Government and governance, Health | The Pacific

2 September 2020

Guam and French Polynesia have been the two Pacific territories most affected by the second wave of COVID-19, but their governments’ responses have been starkly different, whilst Vanuatu has given the green-light for seasonal workers, writes Hugh McClure. 

The Pacific islands is once again a region in two parts with relation to COVID-19. In countries and territories affected by a second wave of the virus, case numbers have continued to compound, while the remainder of the region remains largely COVID-19 free.

Some 1347 cases have been confirmed in Guam, an increase of more than 500 cases in the past week. French Polynesia is similarly in the grips of a major second wave, with 527 confirmed cases in August. In Papua New Guinea 459 cases have been recorded in total, while two additional cases have been recorded this week in the Northern Mariana Islands. 

Here is a snapshot of policy responses to COVID-19 in the Pacific region, correct as of 12 pm AEST, 1 September 2020.

The week in review

58 cases of COVID-19 were confirmed in PNG this week, a reduced number of new cases compared to recent weeks. In the past week, the majority of new cases were reported in Western Province, highlighting the extent of community transmission associated with the Ok Tedi mine. Figures indicate that close to 15,000 tests have now been conducted in the country. In neighbouring Papua Province (Indonesia) 3796 cases have been confirmed while 807 cases have been confirmed in West Papua Province.

The territories of Guam and French Polynesia have been most affected by a second wave of the COVID-19 pandemic, yet the response by government in the two territories has been markedly different.

In Guam, the territory’s lockdown has been extended for a further week, with all businesses to remain closed with the exception of grocery stores, healthcare and other essential services. Guam’s primary elections have also been canceled, with all candidates set to advance to the 3 November general election. 

Despite cases numbers being up in French Polynesia, authorities have dug their heels in to rule-out any return to lockdown or the declaration of a state of emergency. This comes despite five unions declaring they will strike on Thursday unless COVID-19 measures are tightened in the territory. Unions have demanded the re-introduction of a 14-day quarantine for arriving travelers and the wider availability of masks, saying that the health and safety of workers cannot be assured. Figures reveal that more than 7,500 tourists arrived in Tahiti from mid-July to mid-August, with 90 per cent traveling from the US or France.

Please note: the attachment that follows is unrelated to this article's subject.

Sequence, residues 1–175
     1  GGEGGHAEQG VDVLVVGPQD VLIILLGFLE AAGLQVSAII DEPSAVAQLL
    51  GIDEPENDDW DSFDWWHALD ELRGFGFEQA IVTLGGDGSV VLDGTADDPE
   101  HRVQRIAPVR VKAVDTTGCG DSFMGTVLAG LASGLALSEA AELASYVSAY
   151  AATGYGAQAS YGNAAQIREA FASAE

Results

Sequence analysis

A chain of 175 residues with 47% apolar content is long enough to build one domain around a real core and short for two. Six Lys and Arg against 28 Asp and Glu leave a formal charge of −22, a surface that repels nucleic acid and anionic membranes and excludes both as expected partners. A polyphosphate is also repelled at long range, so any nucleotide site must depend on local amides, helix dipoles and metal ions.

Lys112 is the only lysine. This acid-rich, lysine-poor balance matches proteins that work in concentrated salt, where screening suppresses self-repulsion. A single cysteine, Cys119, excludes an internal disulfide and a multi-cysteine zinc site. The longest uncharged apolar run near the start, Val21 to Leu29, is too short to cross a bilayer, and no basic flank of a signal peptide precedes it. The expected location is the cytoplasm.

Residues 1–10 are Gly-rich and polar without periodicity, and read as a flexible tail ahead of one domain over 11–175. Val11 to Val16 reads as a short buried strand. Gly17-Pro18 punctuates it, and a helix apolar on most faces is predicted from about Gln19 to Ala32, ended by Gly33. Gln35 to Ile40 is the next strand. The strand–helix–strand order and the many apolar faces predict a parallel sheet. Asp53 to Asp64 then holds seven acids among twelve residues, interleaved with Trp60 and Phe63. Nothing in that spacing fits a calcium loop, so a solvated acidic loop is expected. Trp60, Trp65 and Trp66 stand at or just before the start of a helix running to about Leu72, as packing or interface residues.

Vanuatu’s Council of Ministers has given the green-light to the resumption of the Seasonal Worker Program between Australia and Vanuatu. 170 ni-Vanuatu workers are set to travel to Australia’s Northern Territory during the first week of September to work on mango farms. All workers will be subject to a 14-day quarantine on arrival in Australia. 

800 ni-Vanuatu seasonal workers awaiting repatriation in New Zealand are one step closer to returning home with Vanuatu’s Ministry of Health granting approval for Air Vanuatu’s inflight protocols. The Vanuatu government looks set to allow four repatriation flights per week during the second repatriation phase, expected to commence with a flight from Brisbane on 5 September. 

Widespread opposition has been voiced in the Solomon Islands this week over plans for a repatriation flight from China to the Solomon Islands slated for later this month. In advance of the 2023 Pacific Games, many projects, including a new national stadium in Honiara were expected to get underway this year. It is believed that Chinese government-appointed architects will travel to the Solomon Islands on the repatriation flight to assist in works.

Briefly, Fiji has further loosened restrictions this week, with venues allowed to now operate at 50 per cent capacity, regardless of their size. Also in Fiji, the country’s Minister for Women has said that there has been a sharp rise in calls for assistance to a domestic violence hotline during the COVID-19 pandemic. The hotline received 87 calls in February a figure which rose to 527 in April.

View the interactive COVID-19 response map here.

And view the full dataset compiled by the Australia Pacific Security College here.

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